Gibberella fujikuroi

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Gibberella fujikuroi
Gibberella fujikuroi.jpg
Gibberella fujikuroi
Scientific classification
Kingdom: Fungi
Phylum: Ascomycota
Subphylum: Pezizomycotina
Class: Sordariomycetes
Subclass: Hypocreomycetidae
Order: Hypocreales
Family: Nectriaceae
Genus: Gibberella
Species: G. fujikuroi
Binomial name
Gibberella fujikuroi
(Sawada) Wollenw., (1931)

Fusarium moniliforme J. Sheld., (1904)
Fusarium verticillioides (Sacc.) Nirenberg, (1976)
Gibberella fujikuroi var. moniliformis (Wineland) Kuhlman, (1982)
Gibberella moniliformis Wineland, (1924)
Lisea fujikuroi Sawada, (1919)
Oospora verticillioides Sacc., (1882)

Gibberella fujikuroi is a fungal plant pathogen. It causes bakanae disease in rice seedlings.

Rice infected with Bakane Disease

Another name is foolish seedling disease. It gets that name because the seeds can be infected, leading to disparate outcomes for the plant. There are not many diseases that initiate similar symptoms as bakanae. As a result, it is fairly easy to identify. However, any celebrations about identifying the disease successfully will quickly turn sour when considering the impending doom of the plants.

Hosts and symptoms[edit]

Gibberella fujikuroi is most widely known for its disease producing capabilities in rice, but barley, millet, sugarcane and maize are also susceptible.[1] In all infected plants, similar symptoms have been found, though rice has been most predominantly studied. The most telltale symptom of Bakane is the tall, spindly look of the plant. This is a result of the gibberellins, or growth hormones, the disease secretes.[2] Infected plants are easy to pick out, then, as they often rise above the rest of the healthy plants with regularly secreted growth hormones. However, it is also possible that stunting may occur, along with Chlorosis of the leaves of the plant, root lesions, or empty grains of plants grown to maturity.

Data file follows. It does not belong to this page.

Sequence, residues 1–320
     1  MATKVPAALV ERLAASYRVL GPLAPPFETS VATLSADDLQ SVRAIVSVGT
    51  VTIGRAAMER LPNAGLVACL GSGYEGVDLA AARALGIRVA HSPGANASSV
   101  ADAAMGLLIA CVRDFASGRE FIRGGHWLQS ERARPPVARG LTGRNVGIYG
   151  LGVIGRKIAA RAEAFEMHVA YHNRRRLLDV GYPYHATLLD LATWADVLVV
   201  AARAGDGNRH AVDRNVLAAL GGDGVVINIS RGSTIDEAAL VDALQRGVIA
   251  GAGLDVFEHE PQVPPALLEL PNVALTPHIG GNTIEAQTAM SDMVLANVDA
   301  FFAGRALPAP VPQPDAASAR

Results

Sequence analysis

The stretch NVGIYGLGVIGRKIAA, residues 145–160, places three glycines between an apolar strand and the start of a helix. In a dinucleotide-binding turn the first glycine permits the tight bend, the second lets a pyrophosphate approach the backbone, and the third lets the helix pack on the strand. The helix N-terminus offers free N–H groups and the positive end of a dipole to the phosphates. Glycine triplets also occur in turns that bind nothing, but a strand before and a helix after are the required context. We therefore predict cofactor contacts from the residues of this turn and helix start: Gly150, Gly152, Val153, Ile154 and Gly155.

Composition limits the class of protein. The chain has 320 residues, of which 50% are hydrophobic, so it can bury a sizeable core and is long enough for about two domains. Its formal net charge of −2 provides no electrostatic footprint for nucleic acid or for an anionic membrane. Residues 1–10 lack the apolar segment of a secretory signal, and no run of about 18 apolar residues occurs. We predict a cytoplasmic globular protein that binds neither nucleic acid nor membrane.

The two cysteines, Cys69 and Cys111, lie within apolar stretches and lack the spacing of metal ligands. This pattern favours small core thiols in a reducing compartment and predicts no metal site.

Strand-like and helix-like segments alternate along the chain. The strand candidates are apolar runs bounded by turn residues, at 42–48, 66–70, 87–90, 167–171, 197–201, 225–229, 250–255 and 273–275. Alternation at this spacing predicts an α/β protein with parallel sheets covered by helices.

Disease cycle[edit]

Gibberella fujikuroi is a polycyclic ascomycete. Thus, it is possible to, at the right stage of the lifecycle of the pathogen, see perithecia or conidia under the microscope.[3] The pathogen overwinters in perithecia and will infect through soil in seeds that are not pre-infected. Infected seed is also a source of inoculum; conidia will germinate when planted.[4] Infected seeds are the main way the disease is propagated. Symptoms can be observed during growing season.


Bakane is observed in all rice growing areas of the world.[4] Thus, the pathogen thrives in the same growing conditions as rice. Rice requires a warm, wet growing season. Fields may even be flooded.[5] The disease is known to be able to spread through water. Additionally, infected spores can be spread during harvesting.[6] Thus, it is important to quarantine the infected seeds.


There have been many management solutions put forth, with the most important and widely used being the use of treated seeds. Growers should confer with the source of their seeds and as a second measure, check the weight of the seeds they receive. Lightweight seeds are typically infected.[7] Seeds can also be treated to prevent pathogen activation. There are two options that have been found to be successful: hot water baths and chlorine treatments. However, one cannot be sure that the pathogen will be fully neutralized when subjected to these conditions.